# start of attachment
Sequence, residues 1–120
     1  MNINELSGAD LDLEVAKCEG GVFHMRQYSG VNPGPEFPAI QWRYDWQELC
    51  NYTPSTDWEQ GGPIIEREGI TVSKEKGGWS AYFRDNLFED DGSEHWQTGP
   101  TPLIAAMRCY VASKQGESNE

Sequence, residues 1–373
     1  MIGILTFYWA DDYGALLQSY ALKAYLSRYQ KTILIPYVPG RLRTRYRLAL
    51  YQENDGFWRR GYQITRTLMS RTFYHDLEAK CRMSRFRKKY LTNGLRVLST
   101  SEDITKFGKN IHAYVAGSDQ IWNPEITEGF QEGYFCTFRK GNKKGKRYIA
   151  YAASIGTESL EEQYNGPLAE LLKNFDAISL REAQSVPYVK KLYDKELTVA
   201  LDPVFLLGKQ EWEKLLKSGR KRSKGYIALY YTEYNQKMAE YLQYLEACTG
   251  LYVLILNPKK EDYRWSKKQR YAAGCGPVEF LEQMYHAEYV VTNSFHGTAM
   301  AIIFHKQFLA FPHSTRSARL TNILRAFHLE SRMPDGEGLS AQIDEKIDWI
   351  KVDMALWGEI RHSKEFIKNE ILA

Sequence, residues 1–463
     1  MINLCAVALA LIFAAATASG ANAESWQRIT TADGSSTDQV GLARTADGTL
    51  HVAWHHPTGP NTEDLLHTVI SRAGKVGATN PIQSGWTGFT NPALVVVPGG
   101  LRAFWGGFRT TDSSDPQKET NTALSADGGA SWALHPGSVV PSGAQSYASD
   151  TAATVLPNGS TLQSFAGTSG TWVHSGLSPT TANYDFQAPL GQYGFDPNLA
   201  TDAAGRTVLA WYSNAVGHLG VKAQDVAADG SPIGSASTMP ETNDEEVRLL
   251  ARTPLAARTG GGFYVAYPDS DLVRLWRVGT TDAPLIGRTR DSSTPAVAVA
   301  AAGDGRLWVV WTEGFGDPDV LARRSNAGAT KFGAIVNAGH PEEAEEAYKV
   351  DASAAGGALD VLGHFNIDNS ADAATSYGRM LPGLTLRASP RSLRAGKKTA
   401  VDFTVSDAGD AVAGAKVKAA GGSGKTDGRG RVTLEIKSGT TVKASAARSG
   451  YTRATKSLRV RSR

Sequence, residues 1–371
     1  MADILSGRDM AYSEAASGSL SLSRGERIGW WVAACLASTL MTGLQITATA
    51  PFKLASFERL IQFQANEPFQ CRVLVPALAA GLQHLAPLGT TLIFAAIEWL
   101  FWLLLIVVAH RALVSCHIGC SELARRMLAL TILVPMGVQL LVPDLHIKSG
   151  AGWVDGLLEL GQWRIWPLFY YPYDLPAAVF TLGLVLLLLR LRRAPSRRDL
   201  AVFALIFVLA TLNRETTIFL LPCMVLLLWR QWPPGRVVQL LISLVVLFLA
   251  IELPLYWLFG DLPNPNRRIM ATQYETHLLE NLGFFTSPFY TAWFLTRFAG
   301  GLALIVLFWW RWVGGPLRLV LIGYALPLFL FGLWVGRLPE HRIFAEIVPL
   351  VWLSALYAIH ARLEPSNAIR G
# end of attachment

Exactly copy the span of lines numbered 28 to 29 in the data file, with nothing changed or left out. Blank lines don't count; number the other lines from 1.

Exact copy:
   101  FWLLLIVVAH RALVSCHIGC SELARRMLAL TILVPMGVQL LVPDLHIKSG
   151  AGWVDGLLEL GQWRIWPLFY YPYDLPAAVF TLGLVLLLLR LRRAPSRRDL